Sally Jacobs is seriously into obsolescence. (!!) No, really. I’m trying to figure out which of her posts to highlight, and I’m drawn like a magpie to her shiny jewels about fading things. Here are the topics of three of her recent posts:
- Fill your iPod at unbeatable prices: An MP3 collection at UCSB of sound digitized from old wax cylinders. Cool.
- A pointer to a blog called Retro Thing, She calls attention to their entry about one all-but-disappeared format: Open reel (as in reel to ...Read More
Technical problems and family history. A favorite topic of mine, seeing as how my life is
mired in often consumed by solving technical problems. Indeed that’s what this site is all about.
This edition’s entries include: magnetic tape and cinching; putting grandpa’s travel album online; research, kludgy sites and frustration; why one writes software; liberating photo albums of physical space; family geek fun; how to organize digitized family letters, how to use VoIP to record family research phone calls, finding family history videos on the net, and transparent technology in telling tales of Mom.
It’s a cinch. This is not the cinch you are looking for
Richard Hess keeps a blog called Restoration Tips and Notes; he’s a man with a collection of dang near every reel-to-reel tape recorder head ever made. And he buys special cassette players on eBay. Just because. He’s involved in the business of restoration, which means he doesn’t transform the tape itself, but works to restore and capture the sound on that tape. He works with tape recordings of all sorts and
skillfully coaxes old tape to play. He then transfers it to a digital format. Maybe he cleans it up, maybe he does a straight transfer. He’s witnessed ugly and hopeless spools of tape. His post, Let sleeping tapes ...Read More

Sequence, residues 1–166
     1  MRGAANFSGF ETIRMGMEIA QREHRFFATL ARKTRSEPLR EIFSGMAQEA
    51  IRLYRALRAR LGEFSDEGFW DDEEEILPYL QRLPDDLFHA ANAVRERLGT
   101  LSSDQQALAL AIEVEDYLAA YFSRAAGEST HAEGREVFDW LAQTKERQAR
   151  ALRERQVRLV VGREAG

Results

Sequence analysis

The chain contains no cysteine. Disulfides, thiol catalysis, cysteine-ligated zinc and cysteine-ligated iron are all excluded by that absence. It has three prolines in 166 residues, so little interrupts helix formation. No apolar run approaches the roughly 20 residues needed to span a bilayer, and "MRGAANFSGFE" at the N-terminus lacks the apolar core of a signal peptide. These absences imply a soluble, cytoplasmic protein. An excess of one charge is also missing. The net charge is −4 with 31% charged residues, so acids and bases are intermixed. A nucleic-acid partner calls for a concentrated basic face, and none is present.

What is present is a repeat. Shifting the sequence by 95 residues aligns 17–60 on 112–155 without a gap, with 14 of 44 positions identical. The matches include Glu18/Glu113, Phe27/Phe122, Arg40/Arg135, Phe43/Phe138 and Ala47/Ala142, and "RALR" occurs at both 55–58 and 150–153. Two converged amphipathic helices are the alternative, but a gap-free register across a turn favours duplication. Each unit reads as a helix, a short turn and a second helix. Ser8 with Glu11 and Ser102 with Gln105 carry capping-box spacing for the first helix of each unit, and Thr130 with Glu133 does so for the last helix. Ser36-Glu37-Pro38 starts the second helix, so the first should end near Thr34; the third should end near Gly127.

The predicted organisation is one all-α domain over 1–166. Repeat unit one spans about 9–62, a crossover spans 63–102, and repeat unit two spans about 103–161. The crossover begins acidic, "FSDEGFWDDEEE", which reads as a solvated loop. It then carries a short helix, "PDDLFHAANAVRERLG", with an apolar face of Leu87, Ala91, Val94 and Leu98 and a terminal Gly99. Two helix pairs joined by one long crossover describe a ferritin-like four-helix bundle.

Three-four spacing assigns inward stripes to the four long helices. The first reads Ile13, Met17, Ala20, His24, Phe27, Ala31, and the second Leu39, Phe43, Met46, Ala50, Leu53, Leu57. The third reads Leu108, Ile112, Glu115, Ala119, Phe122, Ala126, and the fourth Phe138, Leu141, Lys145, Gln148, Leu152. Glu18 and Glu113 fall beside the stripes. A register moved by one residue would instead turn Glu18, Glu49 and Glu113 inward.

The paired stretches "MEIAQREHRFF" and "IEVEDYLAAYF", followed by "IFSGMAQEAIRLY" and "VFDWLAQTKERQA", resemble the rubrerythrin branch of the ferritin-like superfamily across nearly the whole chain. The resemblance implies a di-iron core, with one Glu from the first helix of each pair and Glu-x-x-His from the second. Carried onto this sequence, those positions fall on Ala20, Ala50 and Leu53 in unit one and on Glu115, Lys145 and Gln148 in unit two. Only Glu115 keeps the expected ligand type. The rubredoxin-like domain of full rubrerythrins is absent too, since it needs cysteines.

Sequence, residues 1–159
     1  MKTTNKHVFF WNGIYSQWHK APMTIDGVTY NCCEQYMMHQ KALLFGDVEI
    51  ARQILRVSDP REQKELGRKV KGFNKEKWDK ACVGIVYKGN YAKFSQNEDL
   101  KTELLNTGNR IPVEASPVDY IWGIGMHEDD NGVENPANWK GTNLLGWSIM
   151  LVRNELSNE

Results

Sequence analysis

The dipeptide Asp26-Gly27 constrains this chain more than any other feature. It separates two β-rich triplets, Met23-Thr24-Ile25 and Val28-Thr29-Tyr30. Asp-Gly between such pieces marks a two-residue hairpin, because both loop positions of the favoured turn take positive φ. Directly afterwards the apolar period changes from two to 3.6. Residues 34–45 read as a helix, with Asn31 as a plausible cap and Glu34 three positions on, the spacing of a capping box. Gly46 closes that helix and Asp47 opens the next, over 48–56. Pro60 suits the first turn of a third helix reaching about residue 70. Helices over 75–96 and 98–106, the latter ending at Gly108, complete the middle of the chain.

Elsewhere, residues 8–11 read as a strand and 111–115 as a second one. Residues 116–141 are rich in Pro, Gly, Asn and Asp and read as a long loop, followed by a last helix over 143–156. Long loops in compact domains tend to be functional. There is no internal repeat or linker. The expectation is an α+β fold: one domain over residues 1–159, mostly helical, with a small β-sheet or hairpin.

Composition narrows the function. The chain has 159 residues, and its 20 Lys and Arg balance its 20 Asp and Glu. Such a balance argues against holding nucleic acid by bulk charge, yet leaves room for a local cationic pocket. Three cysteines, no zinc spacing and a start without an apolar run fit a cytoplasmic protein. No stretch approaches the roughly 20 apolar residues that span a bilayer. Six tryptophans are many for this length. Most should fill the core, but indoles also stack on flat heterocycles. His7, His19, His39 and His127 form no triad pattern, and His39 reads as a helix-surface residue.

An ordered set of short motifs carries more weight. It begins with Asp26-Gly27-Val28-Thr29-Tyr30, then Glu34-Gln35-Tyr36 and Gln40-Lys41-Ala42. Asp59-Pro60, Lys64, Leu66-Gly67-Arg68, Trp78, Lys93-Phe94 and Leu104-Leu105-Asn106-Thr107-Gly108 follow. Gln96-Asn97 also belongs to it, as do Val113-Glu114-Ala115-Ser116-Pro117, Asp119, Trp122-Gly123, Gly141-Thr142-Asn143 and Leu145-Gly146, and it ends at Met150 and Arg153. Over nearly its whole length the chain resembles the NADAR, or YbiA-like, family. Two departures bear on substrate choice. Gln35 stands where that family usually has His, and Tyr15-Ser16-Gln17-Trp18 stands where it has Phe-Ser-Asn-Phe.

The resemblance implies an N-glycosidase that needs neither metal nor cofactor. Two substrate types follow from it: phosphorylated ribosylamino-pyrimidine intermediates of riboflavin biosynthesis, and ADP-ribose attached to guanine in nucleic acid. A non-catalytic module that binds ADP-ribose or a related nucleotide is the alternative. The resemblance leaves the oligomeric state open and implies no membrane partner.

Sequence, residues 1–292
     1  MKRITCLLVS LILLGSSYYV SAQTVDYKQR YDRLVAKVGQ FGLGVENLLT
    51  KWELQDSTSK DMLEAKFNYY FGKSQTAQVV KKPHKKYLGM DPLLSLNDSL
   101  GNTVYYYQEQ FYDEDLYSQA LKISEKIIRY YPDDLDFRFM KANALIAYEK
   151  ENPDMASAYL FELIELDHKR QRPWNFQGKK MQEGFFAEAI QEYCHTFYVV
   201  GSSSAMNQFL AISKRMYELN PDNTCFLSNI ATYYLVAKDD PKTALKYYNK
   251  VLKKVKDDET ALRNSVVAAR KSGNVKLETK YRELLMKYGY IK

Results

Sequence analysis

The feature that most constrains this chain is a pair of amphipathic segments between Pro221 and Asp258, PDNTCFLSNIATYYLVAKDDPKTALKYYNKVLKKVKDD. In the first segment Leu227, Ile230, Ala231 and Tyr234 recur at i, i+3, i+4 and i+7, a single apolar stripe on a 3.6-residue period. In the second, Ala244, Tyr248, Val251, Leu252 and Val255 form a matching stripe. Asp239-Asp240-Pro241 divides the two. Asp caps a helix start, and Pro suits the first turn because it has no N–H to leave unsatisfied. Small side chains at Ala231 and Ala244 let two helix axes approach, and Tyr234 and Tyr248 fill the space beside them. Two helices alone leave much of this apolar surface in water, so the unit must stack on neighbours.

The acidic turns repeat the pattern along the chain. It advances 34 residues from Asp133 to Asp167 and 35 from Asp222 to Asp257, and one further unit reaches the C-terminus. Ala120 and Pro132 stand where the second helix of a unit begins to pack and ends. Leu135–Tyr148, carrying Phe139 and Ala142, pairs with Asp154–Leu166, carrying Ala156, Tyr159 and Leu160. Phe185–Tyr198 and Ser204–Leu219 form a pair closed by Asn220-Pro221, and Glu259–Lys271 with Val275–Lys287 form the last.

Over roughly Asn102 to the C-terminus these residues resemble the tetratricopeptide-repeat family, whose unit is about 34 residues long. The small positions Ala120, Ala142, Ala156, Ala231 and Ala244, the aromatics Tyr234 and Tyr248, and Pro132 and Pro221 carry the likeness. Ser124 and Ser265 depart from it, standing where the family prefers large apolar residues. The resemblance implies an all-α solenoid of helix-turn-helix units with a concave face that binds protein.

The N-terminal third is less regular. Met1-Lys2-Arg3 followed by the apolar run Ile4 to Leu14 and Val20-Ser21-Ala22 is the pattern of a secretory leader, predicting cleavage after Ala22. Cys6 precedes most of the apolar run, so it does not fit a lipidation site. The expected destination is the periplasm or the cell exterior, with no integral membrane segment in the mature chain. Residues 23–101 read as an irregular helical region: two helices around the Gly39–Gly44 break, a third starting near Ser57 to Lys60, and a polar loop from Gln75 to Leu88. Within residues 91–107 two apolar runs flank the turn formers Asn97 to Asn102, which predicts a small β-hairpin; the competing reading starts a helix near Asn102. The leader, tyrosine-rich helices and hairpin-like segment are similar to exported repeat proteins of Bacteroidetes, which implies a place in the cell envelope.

This version, Making the Most of Family Get-Togethers, is hosted at genealogy.about.com. The Carnival is roving this month, and the next carnival will be here!!!
Next topic: Have you encountered a technical problem while working on your family history? Did you solve it? Then let’s hear the problem and your solution. Haven’t found a solution? Describe what it is, and how it affects you (who knows, you might find a solution as a result). You know that all software and hardware works perfectly. (cough, cough). It never breaks. All components work well with one another. Uprades always go smoothly. (yeah right sure). So come one, come all. Feel free to gripe. Or to boast of your prowess. Or anything in between. Just as long as it’s about solving technical problems while working on your family history.Read More
A magazine in PDF form launches. Digital Genealogist picks up where the defunct Genealogical Computing left off. Check out the inaugural issue: November/December 2006. Subscription $20/year.
Dead Media.org is a website devoted to outdated media formats. The Category list is fascinating to browse, containing items such as telegraphy, ancient phonographs, panorama photography, the acoustic telephone, and lots! more!
I am so stoked. I just found the 7th Edition (date: yesterday) of the Carnival of Genealogy. Every coupla weeks, the Carnival of Genealogy leads you to new blogs on various genealogically-themed matters. The theme for yesterday’s carnival: Writing Family History. Next carnival theme: Photographs. I’ve already submitted one entry, and will prolly submit two more. Why am I so stoked, you may wonder? In seeking to build traffic for this site, I’ve been considering Elise Bauer’s advice to Start A Carnival. Yippy Skippy—Jasia of Creative Gene started it, so that’s one thing I don’t hafta do.
The permalinks s for all the Genealogy Carnival Editionare kept on the BlogCarnival site. But for archives of past edition, the theme for that particular edition isn’t mentioned. Feh. And at Creative Gene, where the carnival is hosted, there are no links from one carnival to the
previous. Double-feh (tho I bet that second “feh” will be easier to rectify, as it involves creating 6 links, one on each of the on 6 entries, rather than re-jiggering the feature set of the BlogCarnival site.)
So, here are the past contenders, with their themes: